Supply chain issues, labour shortages and threats of war overseas are creating a perfect storm for rising food costs—hurting customers and the grocers who rely on them. “Even prior to the war in Ukraine, we had droughts in Western Canada and elsewhere so we’d seen the price of grains shoot up significantly...and then a big increase in the price of oil, which has an impact on pretty much everything,” says Pedro Antunes, chief economist for the Conference Board of Canada. “We haven’t seen this kind of inflation for 30 years or so and it’s essentially eroded consumers’ purchasing power very quickly.”
While other sectors have been stabilizing, he says grocery and food prices are continuing to increase on a month-to-month basis, with no relief expected anytime soon. “Even when the situation in Ukraine settles, I think there will be a continued move away from Russian supply chains, which will continue to keep prices elevated,” says Antunes, adding that he’s still hopeful we’ll see inflation eventually peak and start to decline in the next few quarters. “The good news for Canada is that we are essentially producers, so while inflation is affecting consumers, it’s also bringing in higher incomes to our producers.”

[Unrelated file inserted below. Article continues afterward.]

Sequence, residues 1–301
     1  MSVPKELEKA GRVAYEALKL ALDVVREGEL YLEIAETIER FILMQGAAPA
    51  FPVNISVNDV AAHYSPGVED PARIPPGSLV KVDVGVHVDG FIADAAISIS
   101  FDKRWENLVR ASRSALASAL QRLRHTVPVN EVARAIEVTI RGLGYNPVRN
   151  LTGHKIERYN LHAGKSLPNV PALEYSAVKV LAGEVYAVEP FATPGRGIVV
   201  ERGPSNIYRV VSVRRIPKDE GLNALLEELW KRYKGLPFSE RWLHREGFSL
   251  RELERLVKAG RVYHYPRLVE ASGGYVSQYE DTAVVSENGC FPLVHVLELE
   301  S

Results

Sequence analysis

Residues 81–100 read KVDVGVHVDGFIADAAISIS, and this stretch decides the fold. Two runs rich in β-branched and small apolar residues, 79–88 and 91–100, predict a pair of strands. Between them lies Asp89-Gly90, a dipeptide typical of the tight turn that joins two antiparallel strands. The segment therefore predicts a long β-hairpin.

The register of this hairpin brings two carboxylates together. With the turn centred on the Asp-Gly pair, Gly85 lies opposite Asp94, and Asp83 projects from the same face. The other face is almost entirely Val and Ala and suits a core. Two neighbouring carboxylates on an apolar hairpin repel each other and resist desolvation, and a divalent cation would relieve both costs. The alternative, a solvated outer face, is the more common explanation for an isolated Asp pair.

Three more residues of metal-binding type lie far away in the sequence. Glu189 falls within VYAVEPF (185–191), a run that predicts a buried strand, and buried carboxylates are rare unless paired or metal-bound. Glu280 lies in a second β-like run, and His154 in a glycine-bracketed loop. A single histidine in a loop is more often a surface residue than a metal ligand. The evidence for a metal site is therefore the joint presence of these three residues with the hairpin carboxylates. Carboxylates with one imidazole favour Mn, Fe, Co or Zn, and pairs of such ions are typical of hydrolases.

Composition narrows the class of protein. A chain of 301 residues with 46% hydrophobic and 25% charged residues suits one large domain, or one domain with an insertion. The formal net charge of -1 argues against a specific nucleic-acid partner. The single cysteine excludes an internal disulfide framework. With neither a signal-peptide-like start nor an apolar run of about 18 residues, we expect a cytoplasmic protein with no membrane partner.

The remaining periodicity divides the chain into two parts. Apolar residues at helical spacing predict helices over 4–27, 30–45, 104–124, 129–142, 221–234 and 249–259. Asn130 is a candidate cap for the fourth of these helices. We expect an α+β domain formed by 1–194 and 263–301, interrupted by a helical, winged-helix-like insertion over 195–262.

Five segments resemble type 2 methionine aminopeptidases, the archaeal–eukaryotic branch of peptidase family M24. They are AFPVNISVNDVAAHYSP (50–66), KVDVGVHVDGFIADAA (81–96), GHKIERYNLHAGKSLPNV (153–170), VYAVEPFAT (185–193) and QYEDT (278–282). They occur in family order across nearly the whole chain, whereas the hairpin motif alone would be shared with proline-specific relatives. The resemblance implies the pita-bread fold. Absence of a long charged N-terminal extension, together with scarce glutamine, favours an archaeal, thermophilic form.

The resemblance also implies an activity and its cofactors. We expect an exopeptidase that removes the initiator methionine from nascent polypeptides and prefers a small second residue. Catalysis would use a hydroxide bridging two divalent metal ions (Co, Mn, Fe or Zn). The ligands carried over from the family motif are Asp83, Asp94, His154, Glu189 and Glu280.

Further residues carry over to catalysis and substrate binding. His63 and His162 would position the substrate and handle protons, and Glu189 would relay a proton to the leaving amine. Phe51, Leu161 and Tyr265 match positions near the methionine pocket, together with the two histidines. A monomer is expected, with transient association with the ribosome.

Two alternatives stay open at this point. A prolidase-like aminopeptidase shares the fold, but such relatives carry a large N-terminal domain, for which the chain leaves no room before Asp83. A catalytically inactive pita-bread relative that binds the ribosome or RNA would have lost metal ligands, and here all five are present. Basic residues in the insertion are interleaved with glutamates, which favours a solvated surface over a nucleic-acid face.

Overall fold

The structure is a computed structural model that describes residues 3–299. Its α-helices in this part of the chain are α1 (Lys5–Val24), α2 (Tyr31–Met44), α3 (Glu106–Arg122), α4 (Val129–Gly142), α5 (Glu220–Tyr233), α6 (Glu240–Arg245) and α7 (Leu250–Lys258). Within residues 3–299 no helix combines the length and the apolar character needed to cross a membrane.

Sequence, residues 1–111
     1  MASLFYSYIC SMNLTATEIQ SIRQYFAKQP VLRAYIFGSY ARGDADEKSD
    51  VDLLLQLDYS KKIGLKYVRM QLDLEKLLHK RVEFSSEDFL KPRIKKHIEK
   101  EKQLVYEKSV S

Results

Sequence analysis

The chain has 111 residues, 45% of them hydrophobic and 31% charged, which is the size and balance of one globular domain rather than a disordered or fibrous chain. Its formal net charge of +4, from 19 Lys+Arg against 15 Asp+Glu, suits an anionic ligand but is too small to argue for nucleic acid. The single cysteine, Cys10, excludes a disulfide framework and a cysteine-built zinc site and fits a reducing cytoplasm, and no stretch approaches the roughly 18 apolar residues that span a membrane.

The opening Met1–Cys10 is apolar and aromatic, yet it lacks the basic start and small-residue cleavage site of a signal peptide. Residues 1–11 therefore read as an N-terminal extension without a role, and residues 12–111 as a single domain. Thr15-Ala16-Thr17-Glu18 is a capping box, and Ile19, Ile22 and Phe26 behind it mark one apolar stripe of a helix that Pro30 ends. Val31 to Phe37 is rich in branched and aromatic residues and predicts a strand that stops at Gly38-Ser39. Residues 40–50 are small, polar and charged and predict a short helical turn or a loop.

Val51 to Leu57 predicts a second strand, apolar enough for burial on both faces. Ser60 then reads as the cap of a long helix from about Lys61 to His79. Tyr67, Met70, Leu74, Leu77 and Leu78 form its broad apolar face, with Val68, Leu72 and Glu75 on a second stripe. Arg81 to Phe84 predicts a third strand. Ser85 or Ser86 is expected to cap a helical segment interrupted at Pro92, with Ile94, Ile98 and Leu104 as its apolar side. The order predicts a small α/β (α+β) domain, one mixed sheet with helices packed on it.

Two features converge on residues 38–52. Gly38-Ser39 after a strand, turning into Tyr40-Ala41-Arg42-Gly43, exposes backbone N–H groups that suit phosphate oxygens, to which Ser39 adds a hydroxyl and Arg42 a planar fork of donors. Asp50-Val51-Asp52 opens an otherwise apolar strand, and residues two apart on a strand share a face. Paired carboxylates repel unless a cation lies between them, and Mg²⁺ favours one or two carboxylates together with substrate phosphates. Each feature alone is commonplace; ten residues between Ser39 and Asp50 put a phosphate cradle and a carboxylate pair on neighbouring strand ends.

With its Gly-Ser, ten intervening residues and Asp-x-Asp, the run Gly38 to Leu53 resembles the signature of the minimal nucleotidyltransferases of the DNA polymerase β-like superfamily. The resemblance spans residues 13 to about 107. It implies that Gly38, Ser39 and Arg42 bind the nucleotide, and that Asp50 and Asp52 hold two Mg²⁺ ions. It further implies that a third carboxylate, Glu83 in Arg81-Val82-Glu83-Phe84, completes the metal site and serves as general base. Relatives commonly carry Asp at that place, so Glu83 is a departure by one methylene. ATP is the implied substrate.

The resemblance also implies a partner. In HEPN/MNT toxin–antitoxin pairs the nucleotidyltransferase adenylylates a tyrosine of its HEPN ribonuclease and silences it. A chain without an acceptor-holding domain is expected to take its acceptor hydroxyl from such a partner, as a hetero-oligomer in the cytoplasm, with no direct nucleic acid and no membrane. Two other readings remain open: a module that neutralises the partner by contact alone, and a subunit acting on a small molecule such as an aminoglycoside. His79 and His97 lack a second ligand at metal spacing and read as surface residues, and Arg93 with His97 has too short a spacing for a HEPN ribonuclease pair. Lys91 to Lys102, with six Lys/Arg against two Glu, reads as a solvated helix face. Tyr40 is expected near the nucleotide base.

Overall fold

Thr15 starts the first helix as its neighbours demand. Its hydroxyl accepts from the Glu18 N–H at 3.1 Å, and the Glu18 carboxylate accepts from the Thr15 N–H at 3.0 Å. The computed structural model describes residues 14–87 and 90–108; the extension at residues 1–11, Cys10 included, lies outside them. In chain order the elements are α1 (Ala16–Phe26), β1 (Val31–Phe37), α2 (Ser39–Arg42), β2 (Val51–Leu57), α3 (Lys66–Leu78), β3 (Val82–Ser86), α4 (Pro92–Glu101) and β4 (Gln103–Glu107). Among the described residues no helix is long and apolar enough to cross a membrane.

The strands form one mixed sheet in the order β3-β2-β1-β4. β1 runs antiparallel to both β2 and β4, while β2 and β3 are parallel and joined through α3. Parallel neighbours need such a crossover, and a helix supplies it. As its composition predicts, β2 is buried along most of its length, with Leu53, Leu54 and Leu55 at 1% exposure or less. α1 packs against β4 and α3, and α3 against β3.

In the United Kingdom, several grocery chains have been cushioning the blow of rising prices for consumers by offering discount incentives. At Iceland Foods, customers over 60 years of age get 10% off their food order on Tuesdays, regardless of how much they spend. Meanwhile, Sainsbury’s has pledged close to C$800 million in price freezes and matching schemes through to March 2023. British supermarket chain Asda has also lowered prices on more than 100 of its food items starting this spring.